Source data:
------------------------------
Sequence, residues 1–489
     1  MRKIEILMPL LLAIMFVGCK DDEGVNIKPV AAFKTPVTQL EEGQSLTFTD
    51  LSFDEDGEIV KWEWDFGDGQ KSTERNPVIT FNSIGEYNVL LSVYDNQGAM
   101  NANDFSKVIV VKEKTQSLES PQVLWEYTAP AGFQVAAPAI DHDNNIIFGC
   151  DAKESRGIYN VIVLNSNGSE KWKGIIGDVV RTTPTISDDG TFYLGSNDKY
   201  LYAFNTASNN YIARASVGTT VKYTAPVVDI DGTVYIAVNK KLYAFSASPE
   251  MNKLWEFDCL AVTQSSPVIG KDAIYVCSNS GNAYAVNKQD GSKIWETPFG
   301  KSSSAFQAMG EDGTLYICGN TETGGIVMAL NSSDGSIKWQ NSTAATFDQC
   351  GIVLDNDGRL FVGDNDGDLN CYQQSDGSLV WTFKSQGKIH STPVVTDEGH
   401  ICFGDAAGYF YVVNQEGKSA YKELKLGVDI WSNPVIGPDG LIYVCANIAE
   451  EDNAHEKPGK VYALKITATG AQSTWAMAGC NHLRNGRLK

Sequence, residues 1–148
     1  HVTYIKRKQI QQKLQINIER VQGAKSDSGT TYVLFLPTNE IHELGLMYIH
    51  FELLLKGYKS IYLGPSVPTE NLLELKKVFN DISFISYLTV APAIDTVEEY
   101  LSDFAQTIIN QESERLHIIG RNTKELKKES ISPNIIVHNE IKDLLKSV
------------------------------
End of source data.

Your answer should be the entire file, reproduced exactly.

Sequence, residues 1–489
     1  MRKIEILMPL LLAIMFVGCK DDEGVNIKPV AAFKTPVTQL EEGQSLTFTD
    51  LSFDEDGEIV KWEWDFGDGQ KSTERNPVIT FNSIGEYNVL LSVYDNQGAM
   101  NANDFSKVIV VKEKTQSLES PQVLWEYTAP AGFQVAAPAI DHDNNIIFGC
   151  DAKESRGIYN VIVLNSNGSE KWKGIIGDVV RTTPTISDDG TFYLGSNDKY
   201  LYAFNTASNN YIARASVGTT VKYTAPVVDI DGTVYIAVNK KLYAFSASPE
   251  MNKLWEFDCL AVTQSSPVIG KDAIYVCSNS GNAYAVNKQD GSKIWETPFG
   301  KSSSAFQAMG EDGTLYICGN TETGGIVMAL NSSDGSIKWQ NSTAATFDQC
   351  GIVLDNDGRL FVGDNDGDLN CYQQSDGSLV WTFKSQGKIH STPVVTDEGH
   401  ICFGDAAGYF YVVNQEGKSA YKELKLGVDI WSNPVIGPDG LIYVCANIAE
   451  EDNAHEKPGK VYALKITATG AQSTWAMAGC NHLRNGRLK

Sequence, residues 1–148
     1  HVTYIKRKQI QQKLQINIER VQGAKSDSGT TYVLFLPTNE IHELGLMYIH
    51  FELLLKGYKS IYLGPSVPTE NLLELKKVFN DISFISYLTV APAIDTVEEY
   101  LSDFAQTIIN QESERLHIIG RNTKELKKES ISPNIIVHNE IKDLLKSV